In December, monthly inflation in the US was a bit higher than expected, reaching 0.5%, while the annual inflation increased to 7% and was the same as expected.
Economists expected that the consumer price index (CPI), a key measure of consumer prices released by the US Labor Department, will show that inflation jumped by 0.4% in December and 7% year-over-year – the highest increase in prices since 1982.
Bitcoin (BTC) moved up after the numbers were released, jumping from USD 43,400 to USD 43,900 in several minutes, and increasing its daily gains to around 5%. Ethereum (ETH) also moved up, surpassing USD 3,375 and increasing daily gains to 8%.
The annual inflation rate in the US:
While economists disagree on when inflation will peak, it’s well past the initial time frame the Federal Reserve (Fed) had expected to see.
“You’ve got the Fed in panic instead of patient mode, so the risk is overshooting… We’re now in a position of the Fed chasing instead of anticipating. It’s worrisome,” Diane Swonk, Chief Economist at Grant Thornton, told CNBC.
According to Marcus Sotiriou, an analyst at the UKUK-based based digital asset broker GlobalBlock, there may be a selloff in the crypto market if the inflation numbers are larger than expected. This, however, shouldn’t be a long event, “as I suspect the market has already priced in the worst-case scenario due to the persistent selling recently,” he wrote in an emailed note before the CPI numbers were released.
Sotiriou argued that the on-chain data is “generally bullish,” and that it suggests that these prices could be a buying opportunity, adding:
“Bitcoin has entered the buy zone for dormancy flow, which has only flashed 5 times in Bitcoin’s history, which all lead to incredible rallies. This indicator compares Bitcoin’s market cap to the annual value of destruction – in layman’s terms it compares price to spending behavior. As the percentage of people spending their bitcoin is so low. It shows the sentiment of investors, unwilling to sell their bitcoin at this price.”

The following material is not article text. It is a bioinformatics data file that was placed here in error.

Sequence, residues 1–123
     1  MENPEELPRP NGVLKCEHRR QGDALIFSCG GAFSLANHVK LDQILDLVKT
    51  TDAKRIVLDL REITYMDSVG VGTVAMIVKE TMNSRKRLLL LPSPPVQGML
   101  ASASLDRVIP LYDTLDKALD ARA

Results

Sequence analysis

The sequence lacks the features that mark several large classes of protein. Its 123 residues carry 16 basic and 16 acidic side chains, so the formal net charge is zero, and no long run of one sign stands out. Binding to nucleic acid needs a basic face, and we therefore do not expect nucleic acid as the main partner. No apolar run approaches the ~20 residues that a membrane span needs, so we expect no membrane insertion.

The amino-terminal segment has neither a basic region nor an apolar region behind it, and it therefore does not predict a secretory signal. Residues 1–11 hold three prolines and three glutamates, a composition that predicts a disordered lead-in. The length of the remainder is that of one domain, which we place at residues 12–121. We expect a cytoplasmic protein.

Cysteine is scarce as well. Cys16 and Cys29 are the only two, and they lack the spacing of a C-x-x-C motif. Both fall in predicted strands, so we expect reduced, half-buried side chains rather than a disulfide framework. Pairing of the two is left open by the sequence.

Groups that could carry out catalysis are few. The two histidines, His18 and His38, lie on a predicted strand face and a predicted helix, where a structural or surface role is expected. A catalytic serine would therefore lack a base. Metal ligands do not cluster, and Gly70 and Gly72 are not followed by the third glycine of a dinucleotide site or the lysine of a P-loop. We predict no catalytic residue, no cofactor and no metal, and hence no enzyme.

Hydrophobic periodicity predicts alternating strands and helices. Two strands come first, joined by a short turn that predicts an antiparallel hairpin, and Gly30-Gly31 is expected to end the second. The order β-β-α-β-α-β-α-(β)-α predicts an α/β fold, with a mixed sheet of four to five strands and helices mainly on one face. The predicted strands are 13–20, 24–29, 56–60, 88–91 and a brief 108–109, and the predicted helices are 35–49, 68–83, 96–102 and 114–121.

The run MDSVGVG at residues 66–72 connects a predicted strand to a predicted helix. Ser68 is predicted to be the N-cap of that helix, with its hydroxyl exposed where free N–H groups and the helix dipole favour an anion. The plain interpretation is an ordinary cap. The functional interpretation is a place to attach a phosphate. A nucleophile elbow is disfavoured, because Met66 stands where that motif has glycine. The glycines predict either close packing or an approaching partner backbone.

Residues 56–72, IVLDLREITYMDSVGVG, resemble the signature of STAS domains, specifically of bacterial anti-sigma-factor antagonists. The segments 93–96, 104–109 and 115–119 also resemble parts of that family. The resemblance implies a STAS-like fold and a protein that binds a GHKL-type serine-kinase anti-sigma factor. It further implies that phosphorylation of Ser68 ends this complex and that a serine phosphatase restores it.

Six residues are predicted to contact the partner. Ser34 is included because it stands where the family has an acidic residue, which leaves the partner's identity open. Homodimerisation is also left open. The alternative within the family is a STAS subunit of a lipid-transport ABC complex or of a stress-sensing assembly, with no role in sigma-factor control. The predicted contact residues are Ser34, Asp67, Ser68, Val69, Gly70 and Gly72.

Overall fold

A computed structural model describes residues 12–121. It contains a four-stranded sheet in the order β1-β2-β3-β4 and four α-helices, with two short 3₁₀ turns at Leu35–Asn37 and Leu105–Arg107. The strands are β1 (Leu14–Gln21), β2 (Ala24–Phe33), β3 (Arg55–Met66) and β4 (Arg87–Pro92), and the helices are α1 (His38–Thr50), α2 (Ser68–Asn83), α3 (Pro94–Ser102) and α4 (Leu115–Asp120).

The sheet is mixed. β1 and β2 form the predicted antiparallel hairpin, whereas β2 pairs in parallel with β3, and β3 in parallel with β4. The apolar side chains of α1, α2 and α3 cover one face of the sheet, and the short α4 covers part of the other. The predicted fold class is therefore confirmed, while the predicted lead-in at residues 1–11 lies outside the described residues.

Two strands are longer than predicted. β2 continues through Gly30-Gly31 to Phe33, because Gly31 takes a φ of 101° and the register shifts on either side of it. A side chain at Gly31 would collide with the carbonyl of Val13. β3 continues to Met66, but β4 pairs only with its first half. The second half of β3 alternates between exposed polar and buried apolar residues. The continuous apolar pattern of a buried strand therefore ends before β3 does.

As reported, yesterday, Federal Reserve Chairman Jerome Powell said during his confirmation hearing that ‘we probably remain in an era of very low interest rates.’
Should he be given another term, argues the founder and CEO of Quantum Economics Mati Greenspan, Powell “will retain his position as the key figure at the helm of the great money printer.” Rather than the statements, it is his “boring presence on the stage” and his “familiar monotonous message” of the economy being able to handle the COVID 19’s Omicron variant while gradually reducing quantitative easing and preparing to eventually raise interest rates – that helped alleviate investors’ concerns and put them at ease.
“It’s also important to keep in mind that the markets have declined a lot lately, so they are more than due for an upside correction,” Greenspan wrote.
Meanwhile, in China, the inflation came in lower than expected. China’s annual inflation rate fell to 1.5% in December 2021 from a 15-month high of 2.3% a month earlier. The latest reading was less than the market consensus of 1.8%, per Trading Economics data. Reuters noted that, in the case of this country, the “slower-than-expected December producer inflation made room for more monetary easing.”